Rant starts after this sentence.
Should we ever be surprised when people in positions of authority abuse their power?
I found myself wondering this after a recent conversation with one of my composition students. We were discussing a new piece we had just heard on a concert.
How many times have I heard composers say they put something in a piece in order to give the audience a slap in the face, or a nasty jolt, or just to make them squirm? It seems like an inappropriate way to think of treating someone who is, for the time being, under your power. And yet these composers are often the same ones who complain the most about the abuses of politicians, administrators, figures of authority. Don’t they see that their revenge is not in any way an improvement?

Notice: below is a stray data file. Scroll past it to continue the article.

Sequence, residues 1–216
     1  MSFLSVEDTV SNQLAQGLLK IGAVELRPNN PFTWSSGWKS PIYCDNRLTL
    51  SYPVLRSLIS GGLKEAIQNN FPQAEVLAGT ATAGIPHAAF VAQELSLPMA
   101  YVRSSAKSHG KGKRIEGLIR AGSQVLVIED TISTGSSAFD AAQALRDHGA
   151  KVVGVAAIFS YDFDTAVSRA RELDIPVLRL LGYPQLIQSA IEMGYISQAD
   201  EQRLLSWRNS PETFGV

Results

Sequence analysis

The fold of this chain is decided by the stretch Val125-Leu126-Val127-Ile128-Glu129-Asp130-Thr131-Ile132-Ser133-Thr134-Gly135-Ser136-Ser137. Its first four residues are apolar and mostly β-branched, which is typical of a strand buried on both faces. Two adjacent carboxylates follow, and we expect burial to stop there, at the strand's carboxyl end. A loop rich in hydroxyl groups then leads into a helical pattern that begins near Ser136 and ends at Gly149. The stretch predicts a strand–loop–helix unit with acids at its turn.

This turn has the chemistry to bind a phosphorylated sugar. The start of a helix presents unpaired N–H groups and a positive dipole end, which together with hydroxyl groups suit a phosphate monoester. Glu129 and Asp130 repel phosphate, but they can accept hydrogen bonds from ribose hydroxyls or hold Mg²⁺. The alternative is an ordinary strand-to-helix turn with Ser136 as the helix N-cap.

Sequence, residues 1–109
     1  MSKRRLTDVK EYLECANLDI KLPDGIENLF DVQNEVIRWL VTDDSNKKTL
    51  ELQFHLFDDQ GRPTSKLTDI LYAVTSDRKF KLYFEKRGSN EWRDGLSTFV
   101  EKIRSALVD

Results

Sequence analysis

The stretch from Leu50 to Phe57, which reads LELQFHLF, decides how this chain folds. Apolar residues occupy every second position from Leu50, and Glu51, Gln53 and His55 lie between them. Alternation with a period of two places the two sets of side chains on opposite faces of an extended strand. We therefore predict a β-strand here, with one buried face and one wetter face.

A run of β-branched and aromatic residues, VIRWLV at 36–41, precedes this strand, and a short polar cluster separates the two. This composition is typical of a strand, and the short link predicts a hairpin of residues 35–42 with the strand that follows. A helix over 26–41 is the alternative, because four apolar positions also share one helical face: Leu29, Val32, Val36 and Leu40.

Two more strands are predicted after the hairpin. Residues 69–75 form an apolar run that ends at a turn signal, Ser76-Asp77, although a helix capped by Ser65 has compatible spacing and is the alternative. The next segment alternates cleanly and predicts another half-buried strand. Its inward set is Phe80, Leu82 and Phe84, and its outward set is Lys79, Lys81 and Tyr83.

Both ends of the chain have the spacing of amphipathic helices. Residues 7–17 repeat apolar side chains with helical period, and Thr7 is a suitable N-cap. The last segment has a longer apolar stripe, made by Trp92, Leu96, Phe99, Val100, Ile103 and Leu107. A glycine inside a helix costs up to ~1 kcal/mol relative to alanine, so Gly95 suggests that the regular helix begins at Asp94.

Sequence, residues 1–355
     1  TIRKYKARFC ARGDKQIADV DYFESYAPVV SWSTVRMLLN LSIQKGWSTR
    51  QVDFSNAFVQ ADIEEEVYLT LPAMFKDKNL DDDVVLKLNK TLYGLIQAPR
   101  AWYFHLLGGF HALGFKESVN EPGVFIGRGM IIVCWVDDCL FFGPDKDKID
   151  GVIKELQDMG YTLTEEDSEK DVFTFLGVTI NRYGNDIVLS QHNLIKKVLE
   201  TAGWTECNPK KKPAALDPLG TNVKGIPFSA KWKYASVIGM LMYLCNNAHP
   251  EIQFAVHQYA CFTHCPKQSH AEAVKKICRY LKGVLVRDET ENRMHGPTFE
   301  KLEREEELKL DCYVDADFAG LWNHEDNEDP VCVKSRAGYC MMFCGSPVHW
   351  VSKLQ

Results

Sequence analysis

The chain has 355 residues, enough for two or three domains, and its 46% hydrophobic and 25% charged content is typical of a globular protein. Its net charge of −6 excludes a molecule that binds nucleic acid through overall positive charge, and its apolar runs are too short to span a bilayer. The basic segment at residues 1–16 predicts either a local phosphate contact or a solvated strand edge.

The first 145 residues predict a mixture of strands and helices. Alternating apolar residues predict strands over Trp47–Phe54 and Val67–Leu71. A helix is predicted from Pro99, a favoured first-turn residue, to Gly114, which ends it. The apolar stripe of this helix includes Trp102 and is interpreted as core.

I know, these composers don’t think of themselves as being in positions of power – but they are, nonetheless. Any time a group of people convenes to listen, the person producing the music is in charge of their time. You can say, “well, they can just get up and leave,” but any abusive dictator can say the same, and it doesn’t make their actions any more excusable.
So, again, should we ever be surprised? If even composers can’t resist using their ephemeral powers as an opportunity to abuse their dependents, who can we count on to be immune from this disease?